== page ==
Tomaquag Museum to celebrate Narragansett Tribe’s thanksgiving on Saturday

  A birch bark canoe made by distant relatives in her family hangs above Lorén Spears,     director of the Tomaquag Museum in Exeter.

A birch bark canoe made by distant relatives in her family hangs above Lorén Spears,

director of the Tomaquag Museum in Exeter.

BY G. WAYNE MILLER

gwmiller@providencejournal.com

EXETER, R.I. — The Tomaquag Museum on Saturday will celebrate Nikommo, one of the Narragansett Tribe’s 13 traditional thanksgivings. The Winter Moon Celebration will include music, a ceremony, and an open house at the museum, dedicated to the preservation and study of indigenous cultures.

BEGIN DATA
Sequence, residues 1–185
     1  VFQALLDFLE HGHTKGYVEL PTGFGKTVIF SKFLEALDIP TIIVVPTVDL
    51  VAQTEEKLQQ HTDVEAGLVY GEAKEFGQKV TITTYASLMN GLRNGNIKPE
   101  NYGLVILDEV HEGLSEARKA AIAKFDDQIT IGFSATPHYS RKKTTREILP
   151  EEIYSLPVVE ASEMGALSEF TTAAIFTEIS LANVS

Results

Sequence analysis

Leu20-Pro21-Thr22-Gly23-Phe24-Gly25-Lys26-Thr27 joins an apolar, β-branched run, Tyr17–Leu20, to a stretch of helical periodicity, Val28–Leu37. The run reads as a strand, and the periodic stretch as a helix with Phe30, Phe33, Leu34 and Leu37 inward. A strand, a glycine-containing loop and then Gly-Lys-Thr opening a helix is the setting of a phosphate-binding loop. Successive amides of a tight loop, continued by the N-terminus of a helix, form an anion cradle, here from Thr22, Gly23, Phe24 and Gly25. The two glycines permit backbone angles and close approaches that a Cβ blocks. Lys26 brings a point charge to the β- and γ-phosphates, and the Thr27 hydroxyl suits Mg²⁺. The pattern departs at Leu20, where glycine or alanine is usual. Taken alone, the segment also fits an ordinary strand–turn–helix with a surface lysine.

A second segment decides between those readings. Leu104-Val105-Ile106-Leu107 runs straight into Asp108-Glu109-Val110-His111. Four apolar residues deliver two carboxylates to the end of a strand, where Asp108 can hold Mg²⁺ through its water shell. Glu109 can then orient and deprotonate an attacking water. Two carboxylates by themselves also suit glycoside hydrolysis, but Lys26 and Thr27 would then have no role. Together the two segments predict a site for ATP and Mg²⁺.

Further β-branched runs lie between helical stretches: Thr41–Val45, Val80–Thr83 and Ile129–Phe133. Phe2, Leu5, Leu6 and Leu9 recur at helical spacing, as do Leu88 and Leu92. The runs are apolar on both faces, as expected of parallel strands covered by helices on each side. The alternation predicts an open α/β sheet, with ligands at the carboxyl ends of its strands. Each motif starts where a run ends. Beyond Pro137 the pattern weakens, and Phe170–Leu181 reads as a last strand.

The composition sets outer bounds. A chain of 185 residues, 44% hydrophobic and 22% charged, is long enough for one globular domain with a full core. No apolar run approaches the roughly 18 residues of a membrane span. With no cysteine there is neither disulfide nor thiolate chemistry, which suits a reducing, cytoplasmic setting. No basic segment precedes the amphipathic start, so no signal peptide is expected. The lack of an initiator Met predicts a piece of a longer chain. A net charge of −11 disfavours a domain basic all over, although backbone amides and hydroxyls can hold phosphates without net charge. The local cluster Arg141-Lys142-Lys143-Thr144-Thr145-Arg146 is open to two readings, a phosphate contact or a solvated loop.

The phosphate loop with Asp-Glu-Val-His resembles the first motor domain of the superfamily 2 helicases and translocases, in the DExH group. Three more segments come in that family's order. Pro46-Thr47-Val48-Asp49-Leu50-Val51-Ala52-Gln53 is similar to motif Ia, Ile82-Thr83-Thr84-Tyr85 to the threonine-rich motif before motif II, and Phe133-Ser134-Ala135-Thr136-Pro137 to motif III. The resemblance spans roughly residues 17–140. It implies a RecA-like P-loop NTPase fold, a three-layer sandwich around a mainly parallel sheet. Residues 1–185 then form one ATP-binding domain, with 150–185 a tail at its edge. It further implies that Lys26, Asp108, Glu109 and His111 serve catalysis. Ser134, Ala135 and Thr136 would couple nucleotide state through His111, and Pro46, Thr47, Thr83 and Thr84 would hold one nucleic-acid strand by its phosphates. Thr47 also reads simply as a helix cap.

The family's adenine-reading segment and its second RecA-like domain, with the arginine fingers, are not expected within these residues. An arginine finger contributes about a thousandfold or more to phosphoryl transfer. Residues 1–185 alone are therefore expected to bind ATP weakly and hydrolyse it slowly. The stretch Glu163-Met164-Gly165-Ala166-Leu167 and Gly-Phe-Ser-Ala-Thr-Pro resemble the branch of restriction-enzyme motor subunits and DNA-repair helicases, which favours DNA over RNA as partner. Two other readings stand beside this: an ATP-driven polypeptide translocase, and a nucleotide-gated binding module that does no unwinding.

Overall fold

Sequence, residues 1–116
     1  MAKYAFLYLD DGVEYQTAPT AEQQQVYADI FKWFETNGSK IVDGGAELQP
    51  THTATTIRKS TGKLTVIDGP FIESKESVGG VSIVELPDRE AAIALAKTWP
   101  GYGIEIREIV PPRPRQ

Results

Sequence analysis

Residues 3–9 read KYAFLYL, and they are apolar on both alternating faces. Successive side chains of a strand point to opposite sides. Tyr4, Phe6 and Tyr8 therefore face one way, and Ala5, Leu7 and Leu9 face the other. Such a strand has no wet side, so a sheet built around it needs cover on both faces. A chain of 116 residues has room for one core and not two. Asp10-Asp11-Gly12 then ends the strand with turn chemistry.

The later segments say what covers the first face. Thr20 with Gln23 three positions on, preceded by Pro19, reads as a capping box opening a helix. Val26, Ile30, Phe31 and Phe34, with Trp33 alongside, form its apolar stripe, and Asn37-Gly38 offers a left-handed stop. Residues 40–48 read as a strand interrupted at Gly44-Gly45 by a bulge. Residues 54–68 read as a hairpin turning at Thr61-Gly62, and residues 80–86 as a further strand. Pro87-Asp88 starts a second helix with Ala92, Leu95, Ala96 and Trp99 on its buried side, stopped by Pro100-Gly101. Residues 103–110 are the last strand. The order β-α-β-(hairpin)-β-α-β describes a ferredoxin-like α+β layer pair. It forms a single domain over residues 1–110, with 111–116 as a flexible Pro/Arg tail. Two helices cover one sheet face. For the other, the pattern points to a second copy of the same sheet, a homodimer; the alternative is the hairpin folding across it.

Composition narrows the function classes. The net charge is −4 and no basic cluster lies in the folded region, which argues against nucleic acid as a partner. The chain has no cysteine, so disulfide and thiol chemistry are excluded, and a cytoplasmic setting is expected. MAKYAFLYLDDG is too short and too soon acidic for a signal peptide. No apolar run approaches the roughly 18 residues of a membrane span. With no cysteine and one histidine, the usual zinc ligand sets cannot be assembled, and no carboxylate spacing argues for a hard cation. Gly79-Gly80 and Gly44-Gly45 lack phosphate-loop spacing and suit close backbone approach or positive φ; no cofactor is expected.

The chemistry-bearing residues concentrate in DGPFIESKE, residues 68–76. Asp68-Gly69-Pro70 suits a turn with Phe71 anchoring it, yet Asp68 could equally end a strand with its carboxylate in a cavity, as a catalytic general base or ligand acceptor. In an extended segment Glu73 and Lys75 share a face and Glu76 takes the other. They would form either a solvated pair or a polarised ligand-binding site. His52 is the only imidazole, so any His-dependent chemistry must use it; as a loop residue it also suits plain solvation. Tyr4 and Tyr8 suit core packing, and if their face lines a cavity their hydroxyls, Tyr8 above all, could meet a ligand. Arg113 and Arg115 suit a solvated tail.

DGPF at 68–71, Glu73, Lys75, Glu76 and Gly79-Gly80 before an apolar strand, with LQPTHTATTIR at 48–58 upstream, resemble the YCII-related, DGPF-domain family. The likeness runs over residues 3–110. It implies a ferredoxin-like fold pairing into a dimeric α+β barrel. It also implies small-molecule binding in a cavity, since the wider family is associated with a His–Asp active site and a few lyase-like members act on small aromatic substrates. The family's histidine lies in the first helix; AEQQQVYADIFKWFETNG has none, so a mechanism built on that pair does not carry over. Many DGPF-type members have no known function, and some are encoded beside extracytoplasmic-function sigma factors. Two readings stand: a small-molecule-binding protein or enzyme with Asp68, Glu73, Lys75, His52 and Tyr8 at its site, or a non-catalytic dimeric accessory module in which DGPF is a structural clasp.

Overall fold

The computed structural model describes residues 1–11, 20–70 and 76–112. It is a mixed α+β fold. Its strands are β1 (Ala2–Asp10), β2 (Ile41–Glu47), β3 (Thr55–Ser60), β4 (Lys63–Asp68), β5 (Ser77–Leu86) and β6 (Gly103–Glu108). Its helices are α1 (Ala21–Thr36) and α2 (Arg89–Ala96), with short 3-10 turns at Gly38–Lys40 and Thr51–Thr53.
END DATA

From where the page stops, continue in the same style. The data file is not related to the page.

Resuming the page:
Admission is free with  a bagged gift “for someone in need,” according to Loren Spears,  executive director of the museum. Recipients will include individuals and families identified by the tribe’s social services department.

The celebration will be from 10 a.m. to 2 p.m. Saturday at the museum, 390 A Summit Rd., Exeter. At 1 p.m., authors including Spears will speak and sign copies of “Dawnland Voices,” an anthology of stories by Indigenous writers from around New England.

The event is sponsored, in part, by Amica insurance and the Rhode Island State Council on the Arts.

Marketing Assistant